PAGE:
United States District Court, D. Nebraska
FINDINGS AND RECOMMENDATION
Michael D. Nelson, United States Magistrate Judge.
matter is before the Court on the Motion to Suppress (Filing
No. 18) filed by Defendant, David L. Rogers. Defendant filed
a brief (Filing No. 19) in support of the motion and the
government filed a brief (Filing No. 25) in opposition.
Court held an evidentiary hearing on the motion on June 20,
2019. Defendant was present with his attorney, David
Stickman. The government was represented by Assistant United
States Attorney, Thomas Kangior. Dodge County Deputy Sheriff
Michael Schlesiger testified on behalf of the government.
Exhibits 1 and 2 offered by the government were received by
the Court. The Court's Exhibit 201 was received without
objection from the parties. A transcript (TR.) of the hearing
was prepared and filed on June 28, 2019. (Filing No. 32). The
matter is now fully submitted to the Court. For the following
reasons, the undersigned magistrate judge recommends that the
motion be denied.
approximately 1:00 a.m. on October 18, 2018, Deputy
Schlesiger was on patrol and traveling eastbound on Highway
30 near Ames, Nebraska, when he observed a
westbound-traveling Buick swerve. Deputy Schlesiger turned
around and began following the Buick because he was concerned
that the Buick's driver may have been under the influence
of drugs or alcohol. (TR. 7, 9-10). Deputy Schlesiger
initiated a traffic stop of the Buick after observing the
Buick swerve to the right of the solid white fog line onto
the shoulder and then to the left, crossing the center line.
Schlesiger approached the Buick to make contact with the
driver, later identified as Defendant. (TR. 18). As Deputy
Schlesiger approached the Buick, he shined his flashlight
into the vehicle and noticed a glass pipe with burnt residue
in the backseat. Deputy Schlesiger testified that the female
passenger seemed very sensitive to the light from his
flashlight, which in Deputy Schlesiger's experience could
be an indication that she was under the influence of drugs.
Deputy Schlesiger also testified that he smelled the strong
odor of cologne and observed that Defendant appeared nervous
and that his hands were shaking. Defendant did not have a
driver's license or the registration for the Buick, but
identified himself as David Rogers. (TR. 18-20). Deputy
Schlesiger returned to his cruiser to run the Buick's VIN
number and Defendant's name through dispatch. Deputy
Schlesiger also called for a drug detection canine officer.
Schlesiger returned to the Buick and asked Defendant to step
out of the vehicle. Defendant denied consent to search the
Buick. Deputy Schlesiger detained Defendant and his passenger
until the canine officer arrived. (TR. 21). The drug
detection canine alerted to the odor of narcotics from the
Buick and a subsequent search resulted in the recovery of
controlled substances and related contraband. (TR. 23-24).
has filed the instant motion to suppress all evidence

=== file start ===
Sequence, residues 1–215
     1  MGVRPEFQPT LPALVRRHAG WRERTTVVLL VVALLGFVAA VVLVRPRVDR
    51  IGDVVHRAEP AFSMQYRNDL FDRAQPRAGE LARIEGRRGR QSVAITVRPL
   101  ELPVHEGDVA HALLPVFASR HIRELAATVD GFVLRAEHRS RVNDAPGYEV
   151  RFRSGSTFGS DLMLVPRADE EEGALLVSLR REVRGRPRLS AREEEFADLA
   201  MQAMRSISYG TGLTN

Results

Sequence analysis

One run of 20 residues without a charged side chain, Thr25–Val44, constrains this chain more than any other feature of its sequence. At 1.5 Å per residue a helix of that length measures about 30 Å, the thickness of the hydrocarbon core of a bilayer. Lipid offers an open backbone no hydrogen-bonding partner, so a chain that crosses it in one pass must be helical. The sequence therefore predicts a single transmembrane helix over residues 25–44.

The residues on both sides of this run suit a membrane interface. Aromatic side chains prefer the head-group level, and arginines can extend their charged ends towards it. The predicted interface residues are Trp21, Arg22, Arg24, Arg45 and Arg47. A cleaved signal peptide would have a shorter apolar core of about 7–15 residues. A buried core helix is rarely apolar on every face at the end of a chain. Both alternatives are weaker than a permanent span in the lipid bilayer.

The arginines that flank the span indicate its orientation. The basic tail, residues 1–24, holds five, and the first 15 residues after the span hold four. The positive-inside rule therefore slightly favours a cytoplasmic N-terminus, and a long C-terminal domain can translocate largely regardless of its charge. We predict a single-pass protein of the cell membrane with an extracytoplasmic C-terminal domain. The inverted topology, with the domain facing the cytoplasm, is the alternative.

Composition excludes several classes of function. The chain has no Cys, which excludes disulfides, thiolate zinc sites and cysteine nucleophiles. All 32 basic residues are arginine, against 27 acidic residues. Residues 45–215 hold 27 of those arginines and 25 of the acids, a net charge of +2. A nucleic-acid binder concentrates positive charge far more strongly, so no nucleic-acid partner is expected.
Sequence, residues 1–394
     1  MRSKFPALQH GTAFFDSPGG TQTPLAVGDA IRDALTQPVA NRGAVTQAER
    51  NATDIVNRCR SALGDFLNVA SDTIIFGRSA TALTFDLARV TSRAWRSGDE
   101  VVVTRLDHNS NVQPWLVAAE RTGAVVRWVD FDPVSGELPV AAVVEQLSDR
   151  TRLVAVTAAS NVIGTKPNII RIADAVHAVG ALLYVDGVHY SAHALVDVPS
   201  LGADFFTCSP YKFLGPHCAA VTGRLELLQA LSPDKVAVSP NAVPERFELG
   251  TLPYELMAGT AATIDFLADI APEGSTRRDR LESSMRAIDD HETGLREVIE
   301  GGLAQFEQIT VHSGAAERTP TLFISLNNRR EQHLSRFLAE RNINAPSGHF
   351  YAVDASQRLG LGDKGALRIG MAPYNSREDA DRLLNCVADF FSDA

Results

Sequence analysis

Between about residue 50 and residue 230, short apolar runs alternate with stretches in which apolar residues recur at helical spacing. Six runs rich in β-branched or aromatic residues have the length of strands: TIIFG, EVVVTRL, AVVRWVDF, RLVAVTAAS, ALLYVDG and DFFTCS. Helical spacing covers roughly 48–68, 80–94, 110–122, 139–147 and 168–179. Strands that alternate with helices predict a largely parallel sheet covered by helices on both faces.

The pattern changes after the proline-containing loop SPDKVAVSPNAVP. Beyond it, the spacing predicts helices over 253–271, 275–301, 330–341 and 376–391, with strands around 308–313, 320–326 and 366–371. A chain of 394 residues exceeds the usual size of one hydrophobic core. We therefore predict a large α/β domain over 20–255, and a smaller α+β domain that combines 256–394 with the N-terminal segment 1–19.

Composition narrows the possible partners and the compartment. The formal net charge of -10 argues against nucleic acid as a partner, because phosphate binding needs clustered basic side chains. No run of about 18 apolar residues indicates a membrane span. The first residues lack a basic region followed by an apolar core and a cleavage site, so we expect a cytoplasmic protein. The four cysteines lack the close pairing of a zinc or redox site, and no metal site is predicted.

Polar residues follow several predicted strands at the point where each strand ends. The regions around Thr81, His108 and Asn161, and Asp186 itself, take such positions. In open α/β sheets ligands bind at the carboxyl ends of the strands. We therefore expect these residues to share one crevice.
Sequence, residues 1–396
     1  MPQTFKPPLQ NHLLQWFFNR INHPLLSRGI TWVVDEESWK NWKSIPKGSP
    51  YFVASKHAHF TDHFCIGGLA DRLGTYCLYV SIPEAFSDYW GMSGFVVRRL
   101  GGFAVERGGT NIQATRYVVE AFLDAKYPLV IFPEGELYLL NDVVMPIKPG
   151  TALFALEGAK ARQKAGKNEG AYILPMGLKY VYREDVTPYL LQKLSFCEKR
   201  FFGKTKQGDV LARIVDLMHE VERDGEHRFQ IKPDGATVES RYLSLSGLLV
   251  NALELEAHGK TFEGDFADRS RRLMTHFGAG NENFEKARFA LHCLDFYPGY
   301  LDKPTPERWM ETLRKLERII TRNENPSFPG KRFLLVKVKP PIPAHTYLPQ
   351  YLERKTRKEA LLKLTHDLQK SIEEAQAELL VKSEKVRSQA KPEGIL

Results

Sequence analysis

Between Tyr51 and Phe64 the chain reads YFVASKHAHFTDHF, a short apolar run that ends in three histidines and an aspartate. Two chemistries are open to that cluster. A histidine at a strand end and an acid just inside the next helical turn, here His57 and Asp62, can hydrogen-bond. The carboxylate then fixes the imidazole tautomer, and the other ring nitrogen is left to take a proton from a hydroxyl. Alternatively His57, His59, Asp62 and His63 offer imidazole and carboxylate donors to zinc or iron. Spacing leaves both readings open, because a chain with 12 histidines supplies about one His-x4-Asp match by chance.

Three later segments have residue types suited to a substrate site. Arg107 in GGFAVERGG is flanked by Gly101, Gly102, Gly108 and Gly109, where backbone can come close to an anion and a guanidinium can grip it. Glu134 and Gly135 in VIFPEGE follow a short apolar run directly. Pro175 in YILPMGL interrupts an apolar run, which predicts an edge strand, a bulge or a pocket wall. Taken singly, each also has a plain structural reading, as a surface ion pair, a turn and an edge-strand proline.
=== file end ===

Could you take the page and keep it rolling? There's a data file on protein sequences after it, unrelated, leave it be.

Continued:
obtained from the traffic stop, arguing that the stop was not
supported by probable cause or reasonable suspicion and that
Deputy Schlesiger prolonged the traffic stop without
reasonable suspicion of criminal activity, in violation of
the Fourth Amendment. (Filing No. 18; Filing No. 19).
well established that “[a] traffic violation, no matter
how minor, creates probable cause for a law enforcement
officer to stop [a] vehicle.” United States v.
Lopez, 564 F.3d 1001, 1003 (8th Cir. 2009). Nebraska law
provides, with certain exceptions that do not apply in this
case, “No person shall drive on the shoulders of
highways[.]” Neb. Rev. Stat. § 60-6, 142. Nebraska
courts have held that “any crossing of the fog line
onto the shoulder constitutes driving on the shoulder and is
a violation of § 60-6, 142.” State v.
Magallanes, 824 N.W.2d 696, 701 (Neb. 2012).
argues that Deputy Schlesiger did not have probable cause to
stop the Buick because Defendant did not violate any traffic
laws. (Filing No. 19 at p. 2). Specifically, Defendant
contends that the video of the traffic stop does not show the
Buick crossing the center line or the white solid fog line.
(Filing No. 19 at p. 1). However, careful review of Exhibit 1
refutes Defendant's contention. The video clearly shows
the Buick cross the solid white fog line onto the right
shoulder of the highway and supports Deputy Schlesiger's
testimony that he observed such traffic violation. (Ex. 1 at
01:04:57). The Court's Exhibit 201 is a screenshot from
the video at the moment Defendant's vehicle crossed the
fog line and clearly depicts this traffic violation. (Ex.
201). Based on the credible testimony of Deputy Schlesiger
and the video evidence, the undersigned magistrate judge
finds that Deputy Schlesiger had an objectively reasonable
basis to believe a traffic law was violated and therefore
lawfully stopped Defendant's vehicle.
next argues that Deputy Schlesiger did not have reasonable
suspicion of criminal activity to prolong Defendant's
detention after the stop, in violation of the Fourth
Amendment and the holding of Rodriguez v. United
States, 135 S.Ct. 1609 (2015). (Filing No. 19 at p. 3).
“An officer conducting a traffic stop who discovers
information leading to reasonable suspicion of an unrelated
crime may extend the stop and broaden the
investigation.” United States v. Woods, 829
F.3d 675, 679 (8th Cir. 2016)(citing United States v.
Anguiano, 795 F.3d 873, 876 (8th Cir. 2015)). An officer
may extend an otherwise-completed traffic stop to conduct a
dog sniff only if the officer develops reasonable suspicion
of criminal activity during course of the traffic stop. See
Rodriguez, 135 S.Ct. at 1615-16. Reasonable
suspicion requires “particularized, objective facts
which, taken together with rational inferences from those
facts, reasonably warrant suspicion that a crime is being
committed.” United States v. Donnelly, 475
F.3d 946, 952 (8th Cir. 2007)(quotation omitted).